As birds flying, so will the LORD of hosts defend Jerusalem; defending also he will deliver it; and passing over he will preserve it.
Turn ye unto him from whom the children of Israel have deeply revolted.
Isaiah 31:6-7. Turn ye unto him, &c. — Let the consideration of this gracious promise engage you to repent of all your sins, and among the rest, of your carnal policies in seeking and trusting to Egypt for help, and sincerely to return to God. From whom the children of Israel — From whom not only the Israelites, strictly so called, those of the ten tribes, but from whom you of the two tribes, you Jews, who are also the children of Israel, and therefore are under very great obligations to God, have deeply revolted — In your hearts and lives, your affections being alienated from him, and set upon your sins and idols, and your actions a scene of disobedience to his laws. For in that day — When the Assyrian shall invade your land; every man shall cast away his idols — You shall find the vanity of those idols to which you have trusted; and therefore shall cast them away with indignation, and be forced to seek to Jehovah for help; which your hands have made unto you for sin — That is, as instruments of your sin of idolatry, and of many other sins connected therewith.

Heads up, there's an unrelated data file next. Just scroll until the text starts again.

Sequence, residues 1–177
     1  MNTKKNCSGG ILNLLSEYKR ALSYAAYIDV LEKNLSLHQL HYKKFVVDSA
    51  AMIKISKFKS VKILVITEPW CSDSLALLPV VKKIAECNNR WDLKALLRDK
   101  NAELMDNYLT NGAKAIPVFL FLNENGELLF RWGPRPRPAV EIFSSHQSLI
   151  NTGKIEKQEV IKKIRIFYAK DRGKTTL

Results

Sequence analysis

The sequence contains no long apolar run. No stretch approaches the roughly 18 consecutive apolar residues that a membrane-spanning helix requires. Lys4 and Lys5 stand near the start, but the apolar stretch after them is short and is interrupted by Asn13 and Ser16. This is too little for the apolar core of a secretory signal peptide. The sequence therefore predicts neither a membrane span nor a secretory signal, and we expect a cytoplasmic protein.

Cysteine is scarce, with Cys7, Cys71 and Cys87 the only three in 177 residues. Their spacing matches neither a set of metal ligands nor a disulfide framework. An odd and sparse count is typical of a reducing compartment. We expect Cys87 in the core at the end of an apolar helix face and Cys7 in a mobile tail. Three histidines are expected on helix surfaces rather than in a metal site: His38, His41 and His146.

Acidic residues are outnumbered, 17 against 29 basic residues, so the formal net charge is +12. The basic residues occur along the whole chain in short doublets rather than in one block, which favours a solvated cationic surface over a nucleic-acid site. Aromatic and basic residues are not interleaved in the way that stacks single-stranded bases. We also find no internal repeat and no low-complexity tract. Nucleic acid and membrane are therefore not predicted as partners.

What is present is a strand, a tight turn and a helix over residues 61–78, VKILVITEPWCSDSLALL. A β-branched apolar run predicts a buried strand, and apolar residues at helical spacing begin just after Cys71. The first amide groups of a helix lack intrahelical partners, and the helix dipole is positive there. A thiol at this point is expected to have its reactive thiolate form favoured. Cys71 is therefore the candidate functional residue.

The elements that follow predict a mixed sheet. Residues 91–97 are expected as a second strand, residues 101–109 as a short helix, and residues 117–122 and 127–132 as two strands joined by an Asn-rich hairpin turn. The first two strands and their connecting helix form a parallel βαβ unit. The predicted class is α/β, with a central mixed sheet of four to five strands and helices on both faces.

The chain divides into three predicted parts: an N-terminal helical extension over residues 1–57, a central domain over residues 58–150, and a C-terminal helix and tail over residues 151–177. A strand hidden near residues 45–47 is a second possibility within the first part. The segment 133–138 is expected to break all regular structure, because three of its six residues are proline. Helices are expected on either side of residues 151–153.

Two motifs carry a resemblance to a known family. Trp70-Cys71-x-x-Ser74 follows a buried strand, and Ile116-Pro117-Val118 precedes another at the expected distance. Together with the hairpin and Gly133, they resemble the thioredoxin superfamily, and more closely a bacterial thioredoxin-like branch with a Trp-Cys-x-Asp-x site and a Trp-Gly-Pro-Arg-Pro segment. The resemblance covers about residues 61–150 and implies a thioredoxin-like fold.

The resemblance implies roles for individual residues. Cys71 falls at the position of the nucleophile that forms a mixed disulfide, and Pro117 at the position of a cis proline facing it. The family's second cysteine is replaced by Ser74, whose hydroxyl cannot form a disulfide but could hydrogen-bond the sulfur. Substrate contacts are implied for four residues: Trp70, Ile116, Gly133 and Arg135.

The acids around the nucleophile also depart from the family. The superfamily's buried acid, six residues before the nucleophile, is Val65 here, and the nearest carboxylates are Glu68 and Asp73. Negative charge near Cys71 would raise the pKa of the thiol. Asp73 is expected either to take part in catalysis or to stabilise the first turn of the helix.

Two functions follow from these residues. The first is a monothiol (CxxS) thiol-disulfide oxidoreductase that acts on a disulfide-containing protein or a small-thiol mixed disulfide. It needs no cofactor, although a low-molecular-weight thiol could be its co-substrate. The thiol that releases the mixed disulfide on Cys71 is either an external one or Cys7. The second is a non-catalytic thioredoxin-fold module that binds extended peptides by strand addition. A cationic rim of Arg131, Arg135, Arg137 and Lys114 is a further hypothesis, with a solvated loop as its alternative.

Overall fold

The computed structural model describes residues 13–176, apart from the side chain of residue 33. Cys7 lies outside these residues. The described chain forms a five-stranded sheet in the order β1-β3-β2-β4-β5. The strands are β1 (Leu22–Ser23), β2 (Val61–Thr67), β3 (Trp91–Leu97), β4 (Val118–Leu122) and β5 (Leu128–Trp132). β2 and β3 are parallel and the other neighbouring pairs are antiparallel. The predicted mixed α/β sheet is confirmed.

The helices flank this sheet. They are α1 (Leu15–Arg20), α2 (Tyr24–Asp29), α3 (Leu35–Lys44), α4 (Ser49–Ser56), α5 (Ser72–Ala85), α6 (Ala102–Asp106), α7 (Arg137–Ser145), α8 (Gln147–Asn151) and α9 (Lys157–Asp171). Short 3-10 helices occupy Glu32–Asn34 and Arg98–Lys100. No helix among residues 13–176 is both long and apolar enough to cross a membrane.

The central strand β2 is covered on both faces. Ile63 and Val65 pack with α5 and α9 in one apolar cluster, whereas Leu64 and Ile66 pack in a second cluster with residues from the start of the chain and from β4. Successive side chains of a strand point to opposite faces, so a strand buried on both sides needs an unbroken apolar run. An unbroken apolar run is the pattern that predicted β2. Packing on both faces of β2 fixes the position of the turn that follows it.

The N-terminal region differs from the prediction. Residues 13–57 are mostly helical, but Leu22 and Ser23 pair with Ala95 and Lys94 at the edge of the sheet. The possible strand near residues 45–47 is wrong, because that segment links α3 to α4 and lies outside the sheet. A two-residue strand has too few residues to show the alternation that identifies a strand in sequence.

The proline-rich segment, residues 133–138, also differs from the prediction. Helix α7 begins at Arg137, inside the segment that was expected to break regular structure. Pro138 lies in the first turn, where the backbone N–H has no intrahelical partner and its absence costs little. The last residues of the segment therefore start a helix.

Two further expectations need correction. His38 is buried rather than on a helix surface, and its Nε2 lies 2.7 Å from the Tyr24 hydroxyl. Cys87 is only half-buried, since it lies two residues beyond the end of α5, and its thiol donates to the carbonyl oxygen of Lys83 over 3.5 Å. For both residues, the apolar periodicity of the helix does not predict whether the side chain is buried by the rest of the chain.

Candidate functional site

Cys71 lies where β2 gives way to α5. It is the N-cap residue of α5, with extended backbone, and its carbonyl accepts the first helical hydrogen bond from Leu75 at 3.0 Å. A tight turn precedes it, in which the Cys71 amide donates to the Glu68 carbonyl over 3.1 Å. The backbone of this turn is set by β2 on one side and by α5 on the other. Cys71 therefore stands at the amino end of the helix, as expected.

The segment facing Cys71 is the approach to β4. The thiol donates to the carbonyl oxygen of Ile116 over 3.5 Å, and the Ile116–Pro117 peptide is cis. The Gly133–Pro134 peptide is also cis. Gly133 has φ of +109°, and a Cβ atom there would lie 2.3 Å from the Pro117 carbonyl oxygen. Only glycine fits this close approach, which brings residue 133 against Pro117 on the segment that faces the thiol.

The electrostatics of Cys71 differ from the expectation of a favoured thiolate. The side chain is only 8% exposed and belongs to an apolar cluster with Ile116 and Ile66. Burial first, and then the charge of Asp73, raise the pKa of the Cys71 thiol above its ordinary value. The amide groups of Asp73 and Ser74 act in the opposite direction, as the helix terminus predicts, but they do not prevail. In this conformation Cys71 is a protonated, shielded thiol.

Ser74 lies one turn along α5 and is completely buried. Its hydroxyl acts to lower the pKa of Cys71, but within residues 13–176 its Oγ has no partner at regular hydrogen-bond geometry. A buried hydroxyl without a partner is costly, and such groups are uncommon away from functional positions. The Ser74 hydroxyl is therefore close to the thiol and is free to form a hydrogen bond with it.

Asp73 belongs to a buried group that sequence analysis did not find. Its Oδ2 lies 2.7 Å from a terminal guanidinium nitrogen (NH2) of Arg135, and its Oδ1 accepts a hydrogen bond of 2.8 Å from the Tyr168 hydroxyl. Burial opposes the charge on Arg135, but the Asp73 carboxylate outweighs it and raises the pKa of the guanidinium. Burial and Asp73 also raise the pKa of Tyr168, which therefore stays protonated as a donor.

For in that day every man shall cast away his idols of silver, and his idols of gold, which your own hands have made unto you for a sin.
Then shall the Assyrian fall with the sword, not of a mighty man; and the sword, not of a mean man, shall devour him: but he shall flee from the sword, and his young men shall be discomfited.
Isaiah 31:8-9. Then shall the Assyrian, &c. — When you have cast away your idols, and seriously sought unto God for help; both which things were performed by Hezekiah; fall by the sword, not of a mighty man, &c. — Not of any man, mean or mighty, but of an angel. But he shall flee from the sword — From, or for fear of, that plague, which so strangely and suddenly destroyed his army. And his young men — Hebrew, בחוריו, his choice young men, his guards, and valiant commanders, and soldiers, shall be discomfited — Hebrew, למס יהיו, shall be for melting, or shall melt away; a great part of them being destroyed by the angel, and the hearts of the rest melting for fear. And he shall pass to his stronghold — Sennacherib shall flee away with all speed from Jerusalem, to his strong city of Nineveh. Or, as it is in the margin, which see. And his princes shall be afraid of the ensign — Of the Lord’s ensign, which he hath lifted up against them. Or, as וחתו מנס, may be properly rendered, shall be struck with consternation at his flight. Saith the Lord, whose fire is in Zion — That is, either, 1st, whose fire is continually burning upon the altar in Zion; a sign that his presence and residence are there. Or, rather, 2d, who is, and will appear to be, in Zion like a fire, to defend his people, and to consume their enemies. Thus God promises that he would be, unto Jerusalem, a wall of fire round about, Zechariah 2:5. See also Zechariah 12:6.

And he shall pass over to his strong hold for fear, and his princes shall be afraid of the ensign, saith the LORD, whose fire is in Zion, and his furnace in Jerusalem.
Benson Commentary on the Old and New Testaments